Course ID: 04165AF16, 04165BS17
Credits: 0.5
Term: Fall 2016, Spring 2017
Prerequisites:

None





Course Description:

The purpose of the course is to engage the student with what it means to become an involved and active citizen, knowledgeable about his or her rights and responsibilities of citizenship as well as participation in representative government.



Topics & Concepts:
  • Unit One – Academic Integrity Exercise; Introduction to the idea of Rights; Human Rights; and the Sources of Rights.
  • Unit Two – Rights and the Constitution; what rights are guaranteed in the U.S. Constitution?
  • Unit Three – First Amendment and Religion; the Establishment Clause and the Free Exercise Clause; are there conflicts within and between these? What do they mean? What do they protect?
  • Unit Four – First Amendment and Speech and Press; what are the limits? What can you say in school? Where is speech on the internet?
  • Unit Five – First Amendment and Petition and Assembly rights; how do these rights work and what are their limits? How can we exercise these rights?
  • Unit Six – Second Amendment and the Right to Bear Arms; what does this oddly worded amendment really mean? The Heller case will tell us, at least in part. Are there limits? What do we and our neighbors think?
  • Unit Seven – Privacy and the 4th Amendment; when can the police search us and where? How does this important concept work in real life?
  • Unit Eight – Rights of the Criminal Defendant; how do these effect us and are they a good idea in the 21st Century? What about the Miranda decision now?
  • Unit Nine – We will cover Due Process and the Takings Clause of the Fifth Amendment. What is Due Process and how does that protect Life, Liberty and Property? When can the state take your property, and how?
  • Unit Ten – The Rights to a Speedy and Public Trial; why are these important and are there any times when trials should not be open? Why can you attend almost any trial going on in Vermont?
  • Unit Eleven – The Right to an Attorney and Representation; when do you get one, and why should you have one? The famous case of Gideon v. Wainwright will tell us why this right is important. What happens when you don’t have an attorney available to assist you at trial and before?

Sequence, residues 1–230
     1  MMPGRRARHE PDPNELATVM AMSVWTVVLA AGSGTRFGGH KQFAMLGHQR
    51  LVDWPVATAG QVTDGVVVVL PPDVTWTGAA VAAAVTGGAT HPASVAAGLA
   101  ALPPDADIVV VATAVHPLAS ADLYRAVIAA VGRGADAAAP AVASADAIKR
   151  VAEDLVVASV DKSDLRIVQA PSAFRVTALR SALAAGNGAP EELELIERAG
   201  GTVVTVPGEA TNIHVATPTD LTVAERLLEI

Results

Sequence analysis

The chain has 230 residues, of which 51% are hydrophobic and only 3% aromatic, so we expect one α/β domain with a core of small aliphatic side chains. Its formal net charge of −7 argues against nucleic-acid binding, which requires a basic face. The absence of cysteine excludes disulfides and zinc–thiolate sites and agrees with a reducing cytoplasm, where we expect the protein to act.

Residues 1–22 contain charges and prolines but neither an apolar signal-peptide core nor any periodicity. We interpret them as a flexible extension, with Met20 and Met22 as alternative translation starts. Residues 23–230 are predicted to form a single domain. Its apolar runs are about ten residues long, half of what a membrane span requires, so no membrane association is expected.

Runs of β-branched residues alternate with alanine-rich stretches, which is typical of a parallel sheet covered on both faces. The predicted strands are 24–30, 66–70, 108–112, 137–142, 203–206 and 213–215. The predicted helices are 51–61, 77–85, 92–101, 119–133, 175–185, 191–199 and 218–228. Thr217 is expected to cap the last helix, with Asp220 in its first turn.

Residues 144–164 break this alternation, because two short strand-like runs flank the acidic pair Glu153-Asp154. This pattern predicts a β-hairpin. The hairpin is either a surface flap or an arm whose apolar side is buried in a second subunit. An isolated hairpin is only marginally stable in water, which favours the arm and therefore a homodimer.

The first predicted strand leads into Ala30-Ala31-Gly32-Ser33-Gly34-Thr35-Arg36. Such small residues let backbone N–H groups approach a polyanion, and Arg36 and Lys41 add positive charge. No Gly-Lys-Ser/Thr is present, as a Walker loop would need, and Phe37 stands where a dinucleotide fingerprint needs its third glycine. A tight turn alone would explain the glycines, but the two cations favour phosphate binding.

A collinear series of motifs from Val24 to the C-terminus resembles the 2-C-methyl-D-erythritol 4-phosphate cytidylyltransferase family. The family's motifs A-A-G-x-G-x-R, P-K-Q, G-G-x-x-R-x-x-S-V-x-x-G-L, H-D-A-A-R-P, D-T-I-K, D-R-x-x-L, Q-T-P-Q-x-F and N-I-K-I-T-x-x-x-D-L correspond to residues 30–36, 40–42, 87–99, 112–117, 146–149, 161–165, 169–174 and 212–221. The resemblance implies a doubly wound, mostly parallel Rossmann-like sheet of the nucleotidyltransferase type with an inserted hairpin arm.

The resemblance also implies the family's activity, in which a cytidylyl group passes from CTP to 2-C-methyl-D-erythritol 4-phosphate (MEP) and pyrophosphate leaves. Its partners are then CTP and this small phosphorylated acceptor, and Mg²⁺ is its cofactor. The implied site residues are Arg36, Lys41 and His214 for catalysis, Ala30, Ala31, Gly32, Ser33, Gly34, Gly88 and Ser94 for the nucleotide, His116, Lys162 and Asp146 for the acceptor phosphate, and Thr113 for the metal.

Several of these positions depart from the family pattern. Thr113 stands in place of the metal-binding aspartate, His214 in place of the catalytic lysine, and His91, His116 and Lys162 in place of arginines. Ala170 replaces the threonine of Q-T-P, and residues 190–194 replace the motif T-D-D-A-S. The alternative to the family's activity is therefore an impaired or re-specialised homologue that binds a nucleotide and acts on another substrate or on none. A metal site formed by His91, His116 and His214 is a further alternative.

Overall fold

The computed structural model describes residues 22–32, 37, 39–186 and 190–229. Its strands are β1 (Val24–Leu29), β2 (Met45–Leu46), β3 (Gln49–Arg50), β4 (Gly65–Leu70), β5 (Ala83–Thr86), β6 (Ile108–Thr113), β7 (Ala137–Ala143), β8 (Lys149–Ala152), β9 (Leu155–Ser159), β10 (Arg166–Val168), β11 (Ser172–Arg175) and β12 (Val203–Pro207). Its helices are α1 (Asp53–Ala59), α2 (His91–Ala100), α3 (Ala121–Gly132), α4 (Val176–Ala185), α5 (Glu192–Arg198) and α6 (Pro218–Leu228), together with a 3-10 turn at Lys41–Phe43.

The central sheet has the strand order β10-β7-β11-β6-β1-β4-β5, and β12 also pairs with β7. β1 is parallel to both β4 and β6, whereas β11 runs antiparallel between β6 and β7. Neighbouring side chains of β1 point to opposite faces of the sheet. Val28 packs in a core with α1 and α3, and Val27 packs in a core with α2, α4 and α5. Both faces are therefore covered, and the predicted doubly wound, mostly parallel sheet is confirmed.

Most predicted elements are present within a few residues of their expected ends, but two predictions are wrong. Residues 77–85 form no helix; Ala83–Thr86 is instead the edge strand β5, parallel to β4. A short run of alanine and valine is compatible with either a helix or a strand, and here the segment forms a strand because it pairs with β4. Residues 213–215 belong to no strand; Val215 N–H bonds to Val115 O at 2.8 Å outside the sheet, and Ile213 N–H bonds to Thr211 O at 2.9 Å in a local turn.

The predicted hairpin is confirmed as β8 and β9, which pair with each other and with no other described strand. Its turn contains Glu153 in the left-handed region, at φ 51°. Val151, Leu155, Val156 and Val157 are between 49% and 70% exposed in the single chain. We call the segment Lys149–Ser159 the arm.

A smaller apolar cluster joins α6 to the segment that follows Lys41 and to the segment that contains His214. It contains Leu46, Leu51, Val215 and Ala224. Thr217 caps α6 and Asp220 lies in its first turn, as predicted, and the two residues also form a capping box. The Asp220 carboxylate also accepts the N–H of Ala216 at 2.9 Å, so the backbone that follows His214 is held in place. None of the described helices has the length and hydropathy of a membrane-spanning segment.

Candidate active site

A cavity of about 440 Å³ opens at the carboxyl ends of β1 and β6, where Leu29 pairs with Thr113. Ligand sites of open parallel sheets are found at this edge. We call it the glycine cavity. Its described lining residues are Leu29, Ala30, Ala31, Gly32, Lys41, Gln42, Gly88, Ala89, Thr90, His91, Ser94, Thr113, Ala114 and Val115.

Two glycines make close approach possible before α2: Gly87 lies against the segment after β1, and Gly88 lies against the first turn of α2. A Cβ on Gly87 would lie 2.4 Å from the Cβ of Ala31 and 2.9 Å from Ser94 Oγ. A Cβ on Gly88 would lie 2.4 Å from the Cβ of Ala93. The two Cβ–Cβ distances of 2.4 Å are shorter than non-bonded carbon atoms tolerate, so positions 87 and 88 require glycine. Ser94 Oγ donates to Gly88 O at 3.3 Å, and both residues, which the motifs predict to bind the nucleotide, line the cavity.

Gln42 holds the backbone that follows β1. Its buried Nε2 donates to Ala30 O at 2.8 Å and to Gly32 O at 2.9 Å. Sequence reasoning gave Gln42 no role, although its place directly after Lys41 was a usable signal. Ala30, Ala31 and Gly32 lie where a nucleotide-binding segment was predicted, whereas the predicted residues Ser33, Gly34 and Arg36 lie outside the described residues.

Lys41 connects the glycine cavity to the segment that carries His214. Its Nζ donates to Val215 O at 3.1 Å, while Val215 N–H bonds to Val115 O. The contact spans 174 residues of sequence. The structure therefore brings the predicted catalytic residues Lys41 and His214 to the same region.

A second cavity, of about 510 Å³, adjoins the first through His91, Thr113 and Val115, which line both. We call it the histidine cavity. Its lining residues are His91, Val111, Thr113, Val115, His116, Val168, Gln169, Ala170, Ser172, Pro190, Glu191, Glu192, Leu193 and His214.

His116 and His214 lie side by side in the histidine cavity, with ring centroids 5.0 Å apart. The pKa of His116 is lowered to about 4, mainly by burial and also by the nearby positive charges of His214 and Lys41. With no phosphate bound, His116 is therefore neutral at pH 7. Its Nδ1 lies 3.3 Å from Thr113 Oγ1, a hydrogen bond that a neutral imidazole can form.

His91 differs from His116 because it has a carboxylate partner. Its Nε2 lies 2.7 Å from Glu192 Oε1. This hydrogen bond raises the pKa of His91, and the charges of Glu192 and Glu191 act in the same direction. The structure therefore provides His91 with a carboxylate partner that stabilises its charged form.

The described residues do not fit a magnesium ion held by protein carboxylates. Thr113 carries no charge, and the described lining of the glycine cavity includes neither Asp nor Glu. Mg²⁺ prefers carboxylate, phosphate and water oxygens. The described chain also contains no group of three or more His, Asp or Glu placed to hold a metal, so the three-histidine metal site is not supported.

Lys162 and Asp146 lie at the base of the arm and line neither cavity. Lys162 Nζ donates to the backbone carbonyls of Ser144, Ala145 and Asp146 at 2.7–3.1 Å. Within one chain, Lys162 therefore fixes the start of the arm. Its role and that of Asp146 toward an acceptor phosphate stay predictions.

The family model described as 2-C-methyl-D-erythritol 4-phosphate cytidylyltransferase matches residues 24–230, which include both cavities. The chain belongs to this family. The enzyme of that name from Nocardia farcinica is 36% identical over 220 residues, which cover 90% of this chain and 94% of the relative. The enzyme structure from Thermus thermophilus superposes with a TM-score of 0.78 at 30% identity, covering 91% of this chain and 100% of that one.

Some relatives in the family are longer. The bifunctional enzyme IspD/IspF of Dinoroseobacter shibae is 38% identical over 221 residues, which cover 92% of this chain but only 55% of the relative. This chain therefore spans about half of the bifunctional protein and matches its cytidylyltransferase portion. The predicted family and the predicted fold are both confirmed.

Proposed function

• Unit Twelve – Habeas Corpus is a concept that goes back 500 years to the Magna Carta and we will see it in action as you discover how it works, why it is important and you do some legal research!
  • Unit Thirteen –  What rights do we have that are not in the U.S. Constitution? The right to marry and the right of privacy have been suggested by the Supreme Court.
  • Unit Fourteen – Voting Rights; how have they expanded over the years and why do so many of us fail to exercise this fundamental right? Topics for final projects will be due this week along with an opinion exercise.
  • Unit Fifteen – The Fourteenth Amendment and Equality, what does Equal Protection mean? How equal is equal? Are all students entitled to equal access to the college of their choice? What would that mean?
  • Unit Sixteen – Rights and the Vermont Constitution; yes, we are governed by two constitutions! What additional rights does the Vermont Constitution give us?


Offerings and courses subject to change. Please refer to the VTVLC Student Information System as the most up-to-date resource of current offerings and required materials for courses.